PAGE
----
Title

The use of surface strain data and a neural networks solution method to determine lumbar facet joint loads during in vitro spine testing

Document Type

Article

Abstract

A new method for determining facet loads during in vitro spine loading using strain gauges and a neural networks solution method was investigated. A test showed that the new solution method was more robust than and as accurate as a previously presented graphical solution method for computing facet loads using surface strain. The technique was subsequently utilized to assess facet loads at L1-L2 during flexibility testing [7.5 N m pure moments in flexion (FL), extension (EX), right and left axial rotation (AR), and right and left lateral bending (LB)], and stiffness testing (FL-EX with 400 N compressive follower load) of six human lumbar spine segments (T12-L2). In contrast to other techniques, such as thin film sensors or pressure-sensitive film, the strain-gauge method leaves the facet joint capsule intact during data collection, presumably allowing more natural load transmission. During flexibility tests, the mean (±standard deviation) calculated facet loads (in N) were 46.1±41.3 (FL), 51.5±39.0 (EX), 70.3±43.2 (AR-contralateral side), 31.3±33.4 (AR-ipsilateral side), 30.6±29.1 (LB-contralateral side), and 32.0±44.4 (LB-ipsilateral side). During stiffness tests, the calculated facet loads were 45.5±40.4 (upright), 46.6±41.9 (full FL), and 75.4±39.0 (full EX), corresponding to an equivalent of 11.4%, 11.6%, and 18.8% of the compressive follower load (upright, full FL and EX, respectively). The error associated with this technique, which was below 11 N for loads up to 125 N, is comparable to that reported with other techniques. The new method shows promise for assessing facet load during in vitro spine testing, an important parameter when evaluating new implant systems and surgical techniques. © 2008 Elsevier Ltd. All rights reserved.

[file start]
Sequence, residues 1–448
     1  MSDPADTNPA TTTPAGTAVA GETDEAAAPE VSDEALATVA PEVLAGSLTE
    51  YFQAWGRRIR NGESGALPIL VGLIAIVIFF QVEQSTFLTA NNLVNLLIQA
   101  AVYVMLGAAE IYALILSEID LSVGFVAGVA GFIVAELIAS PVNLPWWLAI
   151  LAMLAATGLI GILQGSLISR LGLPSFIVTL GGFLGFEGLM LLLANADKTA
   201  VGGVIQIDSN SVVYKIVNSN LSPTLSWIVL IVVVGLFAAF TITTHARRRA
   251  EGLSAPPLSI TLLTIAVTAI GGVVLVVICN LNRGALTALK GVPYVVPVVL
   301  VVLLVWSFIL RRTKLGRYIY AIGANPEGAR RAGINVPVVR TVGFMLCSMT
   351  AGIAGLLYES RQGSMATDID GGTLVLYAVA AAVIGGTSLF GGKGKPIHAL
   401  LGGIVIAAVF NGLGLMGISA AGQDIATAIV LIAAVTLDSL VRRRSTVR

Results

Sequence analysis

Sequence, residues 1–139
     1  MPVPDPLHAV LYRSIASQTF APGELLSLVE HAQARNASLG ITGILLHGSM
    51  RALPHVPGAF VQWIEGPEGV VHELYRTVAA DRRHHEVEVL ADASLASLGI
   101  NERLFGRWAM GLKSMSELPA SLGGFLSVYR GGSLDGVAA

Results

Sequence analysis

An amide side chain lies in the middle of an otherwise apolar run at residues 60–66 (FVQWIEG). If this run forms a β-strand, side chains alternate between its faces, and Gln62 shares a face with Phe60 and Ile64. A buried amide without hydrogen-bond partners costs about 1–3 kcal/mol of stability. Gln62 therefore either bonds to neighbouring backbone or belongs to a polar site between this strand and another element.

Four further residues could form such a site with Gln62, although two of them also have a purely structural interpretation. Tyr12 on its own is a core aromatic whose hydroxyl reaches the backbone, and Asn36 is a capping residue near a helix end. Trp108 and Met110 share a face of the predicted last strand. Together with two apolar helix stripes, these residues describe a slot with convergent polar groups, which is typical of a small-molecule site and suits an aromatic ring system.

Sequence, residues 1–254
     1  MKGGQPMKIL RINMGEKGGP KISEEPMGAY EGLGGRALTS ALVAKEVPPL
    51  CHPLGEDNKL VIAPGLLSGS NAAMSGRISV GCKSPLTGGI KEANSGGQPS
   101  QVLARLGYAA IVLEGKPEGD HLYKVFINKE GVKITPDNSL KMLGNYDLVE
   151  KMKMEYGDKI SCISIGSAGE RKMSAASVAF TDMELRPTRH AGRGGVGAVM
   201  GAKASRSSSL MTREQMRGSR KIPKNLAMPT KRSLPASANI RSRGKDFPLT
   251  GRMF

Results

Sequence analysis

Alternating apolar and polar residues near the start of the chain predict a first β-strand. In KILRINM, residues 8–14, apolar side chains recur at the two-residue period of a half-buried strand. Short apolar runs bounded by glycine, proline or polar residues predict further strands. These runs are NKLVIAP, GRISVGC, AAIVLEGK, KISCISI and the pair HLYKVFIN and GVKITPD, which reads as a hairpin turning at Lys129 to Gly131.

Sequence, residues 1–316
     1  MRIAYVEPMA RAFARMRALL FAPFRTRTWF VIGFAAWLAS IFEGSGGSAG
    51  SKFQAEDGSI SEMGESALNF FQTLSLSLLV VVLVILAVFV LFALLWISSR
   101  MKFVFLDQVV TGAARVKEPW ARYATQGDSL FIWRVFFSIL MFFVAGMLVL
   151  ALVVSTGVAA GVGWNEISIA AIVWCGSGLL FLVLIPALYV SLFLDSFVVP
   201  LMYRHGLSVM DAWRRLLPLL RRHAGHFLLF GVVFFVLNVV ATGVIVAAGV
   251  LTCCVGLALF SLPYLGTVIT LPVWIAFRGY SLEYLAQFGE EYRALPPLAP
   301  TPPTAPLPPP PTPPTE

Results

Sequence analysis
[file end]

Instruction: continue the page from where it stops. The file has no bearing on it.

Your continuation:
Publication Date

8-28-2008

Publication Title

Journal of Biomechanics

ISSN

00219290

Volume

41

Issue

12

First Page

2647

Last Page

2653

PubMed ID

18657814

Digital Object Identifier (DOI)

10.1016/j.jbiomech.2008.06.010

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